We then get the function name from the first_response, get the function to call from the available_functions dictionary, and get the function arguments from the first_response, finally calling the function with the arguments and catching the response in function_response.

We append the function’s response to the message history just like the previous part and then make our second GPT call, appending the second response to the message history. We then print the message history and return the second response’s content.

Now test it out with some print statements at the bottom of the file:

print(ask_chat_gpt("What is the most delicious fruit?"))

Will still return a normal ChatGPT answer without any function calls.

print(ask_chat_gpt("What is the weather in Amsterdam?"))

Will call the current weather function and return an appropriate response.

###### Conversation History ######
user : What is the weather in Amsterdam?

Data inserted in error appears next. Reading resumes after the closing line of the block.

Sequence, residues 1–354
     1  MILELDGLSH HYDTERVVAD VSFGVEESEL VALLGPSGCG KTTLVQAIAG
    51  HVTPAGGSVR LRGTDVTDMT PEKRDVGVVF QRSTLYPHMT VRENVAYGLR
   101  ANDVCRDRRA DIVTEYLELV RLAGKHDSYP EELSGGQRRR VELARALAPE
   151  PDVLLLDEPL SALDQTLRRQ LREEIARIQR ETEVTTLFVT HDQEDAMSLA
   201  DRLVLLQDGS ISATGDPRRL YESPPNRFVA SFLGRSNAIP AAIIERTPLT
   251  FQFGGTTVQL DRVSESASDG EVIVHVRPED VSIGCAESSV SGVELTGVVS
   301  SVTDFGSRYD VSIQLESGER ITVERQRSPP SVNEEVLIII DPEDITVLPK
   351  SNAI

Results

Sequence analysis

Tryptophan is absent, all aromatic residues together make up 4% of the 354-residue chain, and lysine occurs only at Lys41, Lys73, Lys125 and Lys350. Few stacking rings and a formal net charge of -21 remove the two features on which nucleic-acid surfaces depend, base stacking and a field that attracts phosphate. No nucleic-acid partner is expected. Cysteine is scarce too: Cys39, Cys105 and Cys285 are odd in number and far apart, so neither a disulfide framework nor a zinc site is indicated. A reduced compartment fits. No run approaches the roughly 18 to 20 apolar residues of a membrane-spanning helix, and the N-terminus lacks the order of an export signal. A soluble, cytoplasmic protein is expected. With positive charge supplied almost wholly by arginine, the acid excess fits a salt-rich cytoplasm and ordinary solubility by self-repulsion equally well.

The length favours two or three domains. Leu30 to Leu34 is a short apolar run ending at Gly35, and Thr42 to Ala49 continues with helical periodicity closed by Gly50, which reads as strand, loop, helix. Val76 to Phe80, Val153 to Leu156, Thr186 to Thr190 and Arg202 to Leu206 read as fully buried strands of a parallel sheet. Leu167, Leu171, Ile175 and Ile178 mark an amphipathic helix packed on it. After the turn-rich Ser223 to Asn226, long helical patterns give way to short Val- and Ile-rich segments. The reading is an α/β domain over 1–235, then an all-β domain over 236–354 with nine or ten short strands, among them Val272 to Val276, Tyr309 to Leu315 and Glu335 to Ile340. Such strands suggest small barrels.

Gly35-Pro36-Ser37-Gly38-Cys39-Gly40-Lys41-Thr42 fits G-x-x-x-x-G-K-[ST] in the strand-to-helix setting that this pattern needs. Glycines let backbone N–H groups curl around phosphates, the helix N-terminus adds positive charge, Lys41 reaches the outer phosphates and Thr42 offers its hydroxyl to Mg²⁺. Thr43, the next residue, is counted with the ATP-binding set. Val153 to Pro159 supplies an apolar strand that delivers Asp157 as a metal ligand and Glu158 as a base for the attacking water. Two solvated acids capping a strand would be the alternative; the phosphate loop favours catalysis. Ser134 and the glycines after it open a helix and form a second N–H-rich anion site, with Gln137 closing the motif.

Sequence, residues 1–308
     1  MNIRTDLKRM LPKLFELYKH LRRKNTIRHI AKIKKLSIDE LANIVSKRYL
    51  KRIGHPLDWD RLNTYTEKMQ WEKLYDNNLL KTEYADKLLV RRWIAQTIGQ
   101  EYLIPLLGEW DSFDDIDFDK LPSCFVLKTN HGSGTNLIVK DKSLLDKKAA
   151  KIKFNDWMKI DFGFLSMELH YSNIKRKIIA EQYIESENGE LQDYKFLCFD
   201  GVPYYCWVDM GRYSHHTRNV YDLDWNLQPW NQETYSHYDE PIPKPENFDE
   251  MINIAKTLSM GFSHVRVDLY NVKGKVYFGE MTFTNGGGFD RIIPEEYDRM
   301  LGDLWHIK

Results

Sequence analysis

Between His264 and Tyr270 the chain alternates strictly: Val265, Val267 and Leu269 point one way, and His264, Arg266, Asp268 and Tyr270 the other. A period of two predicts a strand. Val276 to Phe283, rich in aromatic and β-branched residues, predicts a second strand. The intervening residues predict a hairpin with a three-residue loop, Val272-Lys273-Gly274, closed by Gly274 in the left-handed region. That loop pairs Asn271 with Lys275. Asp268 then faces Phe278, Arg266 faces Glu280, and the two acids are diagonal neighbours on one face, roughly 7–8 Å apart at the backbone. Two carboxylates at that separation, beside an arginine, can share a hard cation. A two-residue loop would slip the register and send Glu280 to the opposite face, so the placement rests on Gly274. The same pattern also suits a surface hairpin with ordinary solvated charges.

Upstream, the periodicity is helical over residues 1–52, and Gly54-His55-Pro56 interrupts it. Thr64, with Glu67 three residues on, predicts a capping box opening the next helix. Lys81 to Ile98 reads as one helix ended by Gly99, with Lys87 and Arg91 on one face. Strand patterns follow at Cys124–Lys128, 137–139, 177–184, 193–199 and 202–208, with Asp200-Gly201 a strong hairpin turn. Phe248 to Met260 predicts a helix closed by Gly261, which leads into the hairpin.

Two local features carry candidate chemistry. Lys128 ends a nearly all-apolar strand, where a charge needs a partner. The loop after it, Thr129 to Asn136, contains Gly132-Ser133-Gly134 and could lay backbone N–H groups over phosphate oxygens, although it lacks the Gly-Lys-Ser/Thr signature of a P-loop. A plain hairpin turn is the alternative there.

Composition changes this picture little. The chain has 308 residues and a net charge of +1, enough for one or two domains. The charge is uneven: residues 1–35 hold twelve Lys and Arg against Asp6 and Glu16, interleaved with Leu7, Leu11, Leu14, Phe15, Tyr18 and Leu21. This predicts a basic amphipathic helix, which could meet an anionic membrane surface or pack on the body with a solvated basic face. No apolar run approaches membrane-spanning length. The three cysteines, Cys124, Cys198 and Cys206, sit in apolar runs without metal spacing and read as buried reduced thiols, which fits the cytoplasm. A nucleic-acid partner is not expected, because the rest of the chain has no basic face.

assistant : get_current_weather_in_location({
"location": "Amsterdam"
})
function : {..object with loads of weather data cut out for brevity..}
assistant : The current weather in Amsterdam is 20°C (68°F) with light rain. The wind
is blowing from the southwest at a speed of 33.1 km/h (20.6 mph), and the humidity level is 83%. The visibility is good at 10.0 km (6.0 miles), and there is a 50% cloud cover.
##################################

Let’s ask for a forecast!

print(ask_chat_gpt("What is the weather forecast in Leipzig for the coming 3 days?"))

And we get:

###### Conversation History

user : What is the weather forecast in Leipzig for the coming 3 days?
assistant : get_weather_forecast_in_location({
"location": "Leipzig",
"days": 3
})
function : {..object with loads of weather data cut out for brevity..}
assistant : The weather forecast for Leipzig in the coming 3 days is as follows: